New Delhi, July 6 (IANS) India’s hiring rate recovered moderately from 10 per cent in April to 35 per cent in May, but working women and young professionals still remain vulnerable to economic turbulence and burnout is a reality, according to LinkedIn, the global professional networking platform.
Releasing new data on Tuesday, LinkedIn said working women are four times less confident than their male counterparts about getting a job. And the average time taken for new graduates to find jobs has increased from two to over three months.
As India slowly recovers from the second Covid wave, the workforce is beset with economic uncertainty, coupled with low confidence and optimism levels about their professional future, according to LinkedIn data.
Commenting on how ‘remote work’ (working from home) is here to stay, LinkedIn stated that it offered “a glimmer of hope to new graduates, women professionals, and the future workforce.”
A little more than seven in 10 companies in India are keen on moving to a completely remote setup. The proportion of entry-level jobs labelled as ‘remote’ has increased by nine times between 2020 and 2021.
Even as digital transformation continues to shape the industrial landscape, sectors such as finance, corporate services and manufacturing have seen a growth in hiring, thanks to the resumption of economic activity, the LinkedIn data showed. More than nine in 10 companies in India, however, are merging roles, and looking to fill open roles internally.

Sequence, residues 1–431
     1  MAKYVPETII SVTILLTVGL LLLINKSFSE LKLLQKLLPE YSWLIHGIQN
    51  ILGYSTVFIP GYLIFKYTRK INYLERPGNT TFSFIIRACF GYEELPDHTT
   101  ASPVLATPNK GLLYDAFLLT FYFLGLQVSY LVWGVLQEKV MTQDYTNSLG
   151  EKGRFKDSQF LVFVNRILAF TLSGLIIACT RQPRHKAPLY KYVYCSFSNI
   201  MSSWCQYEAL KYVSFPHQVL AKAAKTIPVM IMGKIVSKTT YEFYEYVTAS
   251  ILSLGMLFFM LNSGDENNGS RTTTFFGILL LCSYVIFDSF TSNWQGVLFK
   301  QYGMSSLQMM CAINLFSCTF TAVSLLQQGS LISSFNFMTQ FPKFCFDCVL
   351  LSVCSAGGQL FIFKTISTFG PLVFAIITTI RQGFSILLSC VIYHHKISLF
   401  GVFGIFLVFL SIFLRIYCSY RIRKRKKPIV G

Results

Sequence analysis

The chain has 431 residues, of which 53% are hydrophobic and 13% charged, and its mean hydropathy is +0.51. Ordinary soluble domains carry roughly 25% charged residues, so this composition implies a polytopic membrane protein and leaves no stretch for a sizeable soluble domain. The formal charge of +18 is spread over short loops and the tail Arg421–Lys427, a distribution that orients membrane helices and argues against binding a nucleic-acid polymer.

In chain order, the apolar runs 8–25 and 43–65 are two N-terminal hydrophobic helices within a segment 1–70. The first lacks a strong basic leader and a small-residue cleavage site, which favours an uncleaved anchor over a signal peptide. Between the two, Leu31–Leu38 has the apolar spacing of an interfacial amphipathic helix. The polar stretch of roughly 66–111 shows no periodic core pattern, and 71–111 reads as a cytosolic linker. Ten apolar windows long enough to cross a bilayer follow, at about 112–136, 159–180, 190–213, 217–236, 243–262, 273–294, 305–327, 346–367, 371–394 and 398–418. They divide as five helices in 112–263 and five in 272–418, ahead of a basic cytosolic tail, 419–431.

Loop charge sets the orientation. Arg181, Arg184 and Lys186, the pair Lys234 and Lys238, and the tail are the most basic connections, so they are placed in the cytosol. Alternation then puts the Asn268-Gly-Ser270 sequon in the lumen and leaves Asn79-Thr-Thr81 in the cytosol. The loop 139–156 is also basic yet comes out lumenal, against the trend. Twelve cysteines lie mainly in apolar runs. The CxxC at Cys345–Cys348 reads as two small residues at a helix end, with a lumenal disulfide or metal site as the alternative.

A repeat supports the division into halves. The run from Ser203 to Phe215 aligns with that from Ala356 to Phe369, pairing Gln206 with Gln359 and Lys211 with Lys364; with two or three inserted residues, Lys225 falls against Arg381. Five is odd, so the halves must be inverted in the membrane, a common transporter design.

A worrying aspect of the LinkedIn report is the finding that India’s workforce has slowly but surely arrived at the brink of a collective burnout.
This sentiment reflects strongly across the rising demand for flexibility in India as every second job-seeker prioritises location, hours and work-life balance when looking for a job today.
India’s overall workforce confidence has declined after peaking in early March, according to the report.
The aftermath of the second Covid-19 wave has left professionals in India — particularly Gen Z and working women — increasingly vulnerable to the economic uncertainty in the job market, the LinkedIn study revealed.